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Pitfalls Remain As Turkey, Armenia Move Toward Reconciliation

Armenian President Serzh Sarkisian (left) and Turkish President Abdullah Gul shake hands during a meeting in Prague in May.
Armenian President Serzh Sarkisian (left) and Turkish President Abdullah Gul shake hands during a meeting in Prague in May.
A joint statement issued late on August 31 by Turkey and Armenia, together with mediators from Switzerland, says Ankara and Yerevan will conduct six weeks of diplomatic consultations before signing two protocols that establish formal diplomatic ties and help develop bilateral relations.

The two neighboring countries have no diplomatic ties, closed borders, and a history of animosity that stems from the mass killing of Armenians in 1915.

But Yerevan is eager to see the reopening of its border with Turkey, which was closed in 1993 after Armenian forces took control of the territory of Nagorno-Karabakh, located within Azerbaijan. Turkey and Azerbaijan share cultural ties and are traditional allies.

Turkey wants to bolster its image as a regional statesman, a stable energy distribution hub, and a key ally of world powers. Turkey's steps toward rapprochement with Armenia also coincide with efforts to resolve a long-running feud with Turkey's Kurdish minority, an issue vital to Ankara's efforts to earn membership in the European Union.

But to be sure, the talks still face potential pitfalls. The parliaments of both countries must ratify a deal on diplomatic normalization by ratifying the protocols. And many Turkish lawmakers distrust Yerevan over its position on the frozen conflict in Nagorno-Karabakh.

'Difficult To Foresee'

Barcin Yinanc, the managing editor of the English-language newspaper "Hurriyet Daily News" in Turkey, tells RFE/RL that the Turkish parliament may insist on seeing progress on resolving the Nagorno-Karabakh conflict before talks can proceed any farther.

"Right now, it is a bit difficult to foresee the parliament approving the protocols unless they see substantial progress in the solution of Nagorno-Karabakh," she says.

"Turkey had linked the opening of the borders between Armenia and Turkey to a solution in Nagorno-Karabakh. However, with the protocols, once they enter into force the borders will be open within two months. The parliamentarians would like to see if there has been any progress on Nagorno-Karabakh before giving their consent to the protocols," she says.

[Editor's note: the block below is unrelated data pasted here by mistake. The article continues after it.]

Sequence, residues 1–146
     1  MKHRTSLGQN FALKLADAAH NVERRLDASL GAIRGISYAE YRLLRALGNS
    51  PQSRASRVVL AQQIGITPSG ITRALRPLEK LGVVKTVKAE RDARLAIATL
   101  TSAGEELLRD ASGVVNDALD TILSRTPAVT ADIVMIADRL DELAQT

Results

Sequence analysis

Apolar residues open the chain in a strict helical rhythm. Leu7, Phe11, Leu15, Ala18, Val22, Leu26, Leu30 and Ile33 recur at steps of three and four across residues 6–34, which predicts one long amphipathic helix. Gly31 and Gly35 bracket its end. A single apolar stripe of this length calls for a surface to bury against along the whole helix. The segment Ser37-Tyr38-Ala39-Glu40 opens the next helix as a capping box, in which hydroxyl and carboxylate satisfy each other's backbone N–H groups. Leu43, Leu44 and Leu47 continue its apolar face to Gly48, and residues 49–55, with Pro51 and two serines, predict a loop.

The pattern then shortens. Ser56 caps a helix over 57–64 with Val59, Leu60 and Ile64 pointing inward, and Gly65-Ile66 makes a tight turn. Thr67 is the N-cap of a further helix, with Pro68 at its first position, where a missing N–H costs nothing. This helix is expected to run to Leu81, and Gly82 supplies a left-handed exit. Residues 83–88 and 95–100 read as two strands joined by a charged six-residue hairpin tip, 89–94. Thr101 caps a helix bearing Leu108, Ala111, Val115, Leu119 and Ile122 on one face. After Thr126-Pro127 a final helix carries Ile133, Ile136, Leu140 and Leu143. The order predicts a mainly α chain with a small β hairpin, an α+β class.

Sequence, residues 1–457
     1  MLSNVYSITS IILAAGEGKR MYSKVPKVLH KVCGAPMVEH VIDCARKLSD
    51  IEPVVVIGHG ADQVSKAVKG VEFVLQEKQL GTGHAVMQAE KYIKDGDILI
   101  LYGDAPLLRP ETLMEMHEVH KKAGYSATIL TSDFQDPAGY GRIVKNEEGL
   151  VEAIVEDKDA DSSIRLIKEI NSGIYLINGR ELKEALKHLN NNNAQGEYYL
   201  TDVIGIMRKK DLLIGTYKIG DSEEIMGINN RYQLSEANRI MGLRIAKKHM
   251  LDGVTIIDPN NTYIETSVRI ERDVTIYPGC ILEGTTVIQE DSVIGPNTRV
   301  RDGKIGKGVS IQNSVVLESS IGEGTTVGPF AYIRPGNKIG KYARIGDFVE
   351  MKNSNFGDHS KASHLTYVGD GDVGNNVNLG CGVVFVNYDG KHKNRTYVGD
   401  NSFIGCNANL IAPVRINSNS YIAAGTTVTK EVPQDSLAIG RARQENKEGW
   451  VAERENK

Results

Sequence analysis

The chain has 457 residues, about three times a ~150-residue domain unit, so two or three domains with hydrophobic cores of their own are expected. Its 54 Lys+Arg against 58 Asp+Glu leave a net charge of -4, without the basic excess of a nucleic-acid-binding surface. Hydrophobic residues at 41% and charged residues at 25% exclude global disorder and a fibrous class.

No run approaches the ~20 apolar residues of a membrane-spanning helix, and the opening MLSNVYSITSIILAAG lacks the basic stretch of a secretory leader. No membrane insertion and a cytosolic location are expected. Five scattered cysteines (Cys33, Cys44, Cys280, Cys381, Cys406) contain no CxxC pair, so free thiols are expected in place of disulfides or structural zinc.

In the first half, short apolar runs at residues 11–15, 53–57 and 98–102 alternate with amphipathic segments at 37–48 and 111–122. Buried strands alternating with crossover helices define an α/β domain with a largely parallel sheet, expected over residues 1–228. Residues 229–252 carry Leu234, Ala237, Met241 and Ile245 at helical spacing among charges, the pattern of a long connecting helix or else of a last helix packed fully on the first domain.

Richard Giragosian, director of the Yerevan-based Armenian Center for National and International Studies, says the next two months will be crucial for moving toward an agreement that can be ratified by both the Turkish and Armenian parliaments.

He says it is significant that Ankara has not insisted on a specific reference in the protocols to Nagorno-Karabakh.

"Surprisingly, despite several months of diplomatic rhetoric by Turkish officials designed to reassure Azerbaijan, there was no specific mention of Nagorno-Karabakh," Giragosian says. "Nor [was there] any specific mention of the Armenians holding areas of Azerbaijan beyond the borders of Karabakh. In fact, the omission of the Karabakh issue in many ways can be seen as a diplomatic compromise."

'Positive Sign'

Giragosian says he thinks the Turkish leadership has been rethinking its policy of linking Nagorno-Karabakh to relations with Armenia.

"Turkey was looking to modify a failed policy of blockade and refusing to establish diplomatic relations," he says. "What this means now is the whole agreement and the whole Turkish diplomatic effort was all about restoring flexibility and giving more options to Turkey, which was not quite happy in becoming overly dependent or hostage to Azerbaijan on this issue. Therefore, the omission of the Nagorno-Karabakh conflict from this diplomatic protocol is a positive sign."

Nevertheless, Turkish Foreign Minister Ahmet Davutoglu said in a nationwide television broadcast on August 31 that Ankara will "guard" Azerbaijan's interest during its reconciliation talks with Armenia. Davutoglu says Ankara's aim is to "establish stability in the Caucasus."